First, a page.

Nearly 10,000 school-aged children in Mississippi were homeless or were experiencing housing instability during the 2016-2017 school year according to the U.S. Department of Education. Just under 100 children in this population lived in unsheltered conditions while more than 80 percent were staying with friends or relatives. Another 380 children found refuge in a crisis shelter, including Canopy Children’s Solutions’ Warren County Children’s Shelter (WCCS) in Vicksburg.
“We serve abused, neglected, homeless, runaway and trafficked children and youth ages birth through seventeen. Our goal is to show them unconditional love and let that begin their healing process bringing hope back to their life,” said Cindy McCarley who is the director for WCCS. “One of the most reliable ways that we are able to connect with these children and youth in crisis is through the National Safe Place program.”
Safe Place is a national youth outreach and prevention program for young people under the age of 18 (up to 21 years of age in some communities) in need of immediate help and safety. As a collaborative community prevention initiative, Safe Place designates businesses and organizations as Safe Place locations, making help readily available to youth in communities across the country. Safe Place locations include: libraries, YMCAs, fire stations, public buses, various businesses, restaurants, and social service facilities. All of these locations are designated by the display of the official yellow and black Safe Place symbol. Safe Place also utilizes mobile crisis services through its TXT 4 Help line where teens can text “SAFE” to 4HELP (44357) and their current location to be connected to their nearest Safe Place agency. Youth can also access a trained crisis counselor by texting “2chat” to the same number.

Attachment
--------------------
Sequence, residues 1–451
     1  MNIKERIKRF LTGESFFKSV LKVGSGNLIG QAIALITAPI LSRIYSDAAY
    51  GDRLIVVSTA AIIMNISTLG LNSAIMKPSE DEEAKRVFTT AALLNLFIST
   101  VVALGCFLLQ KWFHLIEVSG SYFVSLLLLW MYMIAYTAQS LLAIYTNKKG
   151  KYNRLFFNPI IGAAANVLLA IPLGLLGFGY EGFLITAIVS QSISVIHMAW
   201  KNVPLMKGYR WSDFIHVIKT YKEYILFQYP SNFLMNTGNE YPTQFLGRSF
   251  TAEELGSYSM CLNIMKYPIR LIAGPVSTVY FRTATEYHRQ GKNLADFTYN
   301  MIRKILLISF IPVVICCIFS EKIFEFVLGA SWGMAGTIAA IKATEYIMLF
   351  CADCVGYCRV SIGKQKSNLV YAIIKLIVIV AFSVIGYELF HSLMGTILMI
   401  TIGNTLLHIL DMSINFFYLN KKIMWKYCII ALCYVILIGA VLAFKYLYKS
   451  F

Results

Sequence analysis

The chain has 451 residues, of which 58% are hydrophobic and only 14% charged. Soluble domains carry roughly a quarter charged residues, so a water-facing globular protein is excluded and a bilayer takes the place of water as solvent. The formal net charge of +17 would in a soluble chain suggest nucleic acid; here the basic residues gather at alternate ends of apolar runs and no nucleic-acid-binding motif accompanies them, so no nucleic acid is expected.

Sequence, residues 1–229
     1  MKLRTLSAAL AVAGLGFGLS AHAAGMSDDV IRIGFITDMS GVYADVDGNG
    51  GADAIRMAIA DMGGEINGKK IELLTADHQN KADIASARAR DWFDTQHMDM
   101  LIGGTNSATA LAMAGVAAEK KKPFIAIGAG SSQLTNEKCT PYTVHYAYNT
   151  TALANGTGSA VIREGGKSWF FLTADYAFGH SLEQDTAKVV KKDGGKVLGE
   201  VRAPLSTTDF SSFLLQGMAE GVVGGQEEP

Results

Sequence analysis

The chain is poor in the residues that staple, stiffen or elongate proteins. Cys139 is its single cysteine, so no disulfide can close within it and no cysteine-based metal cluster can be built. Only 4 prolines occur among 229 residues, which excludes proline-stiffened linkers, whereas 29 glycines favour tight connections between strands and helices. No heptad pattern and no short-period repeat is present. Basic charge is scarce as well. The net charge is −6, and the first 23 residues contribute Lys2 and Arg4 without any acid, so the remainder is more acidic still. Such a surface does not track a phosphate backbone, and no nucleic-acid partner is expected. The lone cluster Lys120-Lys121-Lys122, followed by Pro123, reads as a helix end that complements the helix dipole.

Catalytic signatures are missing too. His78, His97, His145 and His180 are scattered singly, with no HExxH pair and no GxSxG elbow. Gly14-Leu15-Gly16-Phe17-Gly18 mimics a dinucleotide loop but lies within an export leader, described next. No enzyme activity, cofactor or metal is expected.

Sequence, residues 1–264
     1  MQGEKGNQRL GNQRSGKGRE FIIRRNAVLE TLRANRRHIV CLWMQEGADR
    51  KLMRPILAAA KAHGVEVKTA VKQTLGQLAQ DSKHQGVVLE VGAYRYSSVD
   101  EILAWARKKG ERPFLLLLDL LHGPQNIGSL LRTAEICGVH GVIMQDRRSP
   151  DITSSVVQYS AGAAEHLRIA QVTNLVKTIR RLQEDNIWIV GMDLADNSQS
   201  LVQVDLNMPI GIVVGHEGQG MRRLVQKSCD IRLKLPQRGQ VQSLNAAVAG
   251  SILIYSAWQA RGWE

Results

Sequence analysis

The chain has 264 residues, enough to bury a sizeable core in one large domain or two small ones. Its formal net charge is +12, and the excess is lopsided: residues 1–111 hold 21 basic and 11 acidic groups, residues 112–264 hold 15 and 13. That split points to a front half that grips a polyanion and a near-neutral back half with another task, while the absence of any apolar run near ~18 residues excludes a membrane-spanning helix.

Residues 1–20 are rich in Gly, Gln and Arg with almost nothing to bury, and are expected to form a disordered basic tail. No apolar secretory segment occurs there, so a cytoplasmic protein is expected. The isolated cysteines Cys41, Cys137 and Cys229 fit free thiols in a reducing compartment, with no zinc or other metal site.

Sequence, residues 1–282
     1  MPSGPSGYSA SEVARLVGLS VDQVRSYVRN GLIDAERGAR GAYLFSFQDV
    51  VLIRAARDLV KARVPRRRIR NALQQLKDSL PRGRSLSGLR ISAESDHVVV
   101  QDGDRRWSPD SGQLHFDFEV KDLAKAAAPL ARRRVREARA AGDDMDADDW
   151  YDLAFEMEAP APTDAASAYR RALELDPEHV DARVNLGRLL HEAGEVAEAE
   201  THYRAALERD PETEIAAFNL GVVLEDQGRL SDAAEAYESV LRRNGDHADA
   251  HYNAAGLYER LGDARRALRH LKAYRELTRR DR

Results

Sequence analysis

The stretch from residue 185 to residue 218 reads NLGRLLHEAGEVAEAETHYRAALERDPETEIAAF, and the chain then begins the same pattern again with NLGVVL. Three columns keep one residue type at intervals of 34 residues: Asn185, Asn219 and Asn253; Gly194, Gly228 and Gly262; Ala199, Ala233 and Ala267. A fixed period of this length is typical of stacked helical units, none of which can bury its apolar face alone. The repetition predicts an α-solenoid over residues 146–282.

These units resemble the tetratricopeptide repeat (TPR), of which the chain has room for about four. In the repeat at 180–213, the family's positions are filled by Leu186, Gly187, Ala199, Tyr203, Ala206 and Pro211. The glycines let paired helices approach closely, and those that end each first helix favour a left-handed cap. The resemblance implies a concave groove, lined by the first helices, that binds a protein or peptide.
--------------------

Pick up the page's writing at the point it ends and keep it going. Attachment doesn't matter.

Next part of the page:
Connecting with Safe Place
The Safe Place “process” begins when a child in need of help enters one of the designated Safe Place locations where they can confidentially tell employees they need help. Employees of Safe Place sites help the child to feel safe and are trained to connect that child with someone trained in crisis situations. A call is then made to the local Safe Place shelter and a representative of that shelter comes to pick up the child. Upon arrival at the shelter, the child receives an evaluation to assess their physical and emotional needs. Staff provide the child with everything they need from a warm, dry bed, to adequate clothing, food, emotional support, medical care, and begin the process of establishing a transition plan to get that child into the care of a loving home. Depending on the situation, the staff work with a child’s parents, family or representatives of social service organizations to determine the best next steps for the child. If a child is not near a posted Safe Place location, the TXT 4 Help line is a way youth can still access help quickly.
WCCS is one of only two Safe Place shelters in the state. WCCS has partnered with Safe Place locations throughout Vicksburg, Warren County and in surrounding counties so children in crisis can gain easier access to help.
“Warren County Children’s Shelter and the Sally Kate Winters shelter in West Point are the only operating certified Safe Place shelters in the state,” said McCarley. “Regardless of a child’s situation, we provide them with clothes, a safe place to sleep, hot meals and medical care.”
One of the primary functions of the shelter is its diagnostic and evaluation services which helps assess the child’s environment and overall safety. Proper evaluation helps make a child’s next move be their last move. By ensuring the child is entering an environment that is appropriate and facilitates their ability to thrive in a caring safe home, it lessens their likelihood for future disruptions and the impact of insecurity and trauma on their lives from instability.
“We try to assess what is going on in their lives and how we can help them develop and obtain a permanent/long-term living situation that is safe and appropriate,” said McCarley. “Sometimes it is working with the families on communication, sometimes there are deeper concerns where Child Protection Services needs to be involved, but our main priority is that when a child leaves us, they are going to a better situation than where they came.”
National Safe Place Week
This year marks the 35th anniversary of the National Safe Place program which is celebrated during National Safe Place Week March 17-23. This is a week to honor the organizations who serve youth in crisis and help put them into better, safer situations. Canopy Children’s Solutions and WCCS will be spotlighting Safe Place businesses in the area and coordinating with the city of Vicksburg to proclaim March 17-23 as a city-wide Safe Place week.
To learn more about National Safe Place, visit https://www.nationalsafeplace.org/. To find out ways you can support WCCS and the children it serves, contact the shelter at 601-831-2536 or by visiting https://mycanopy.org.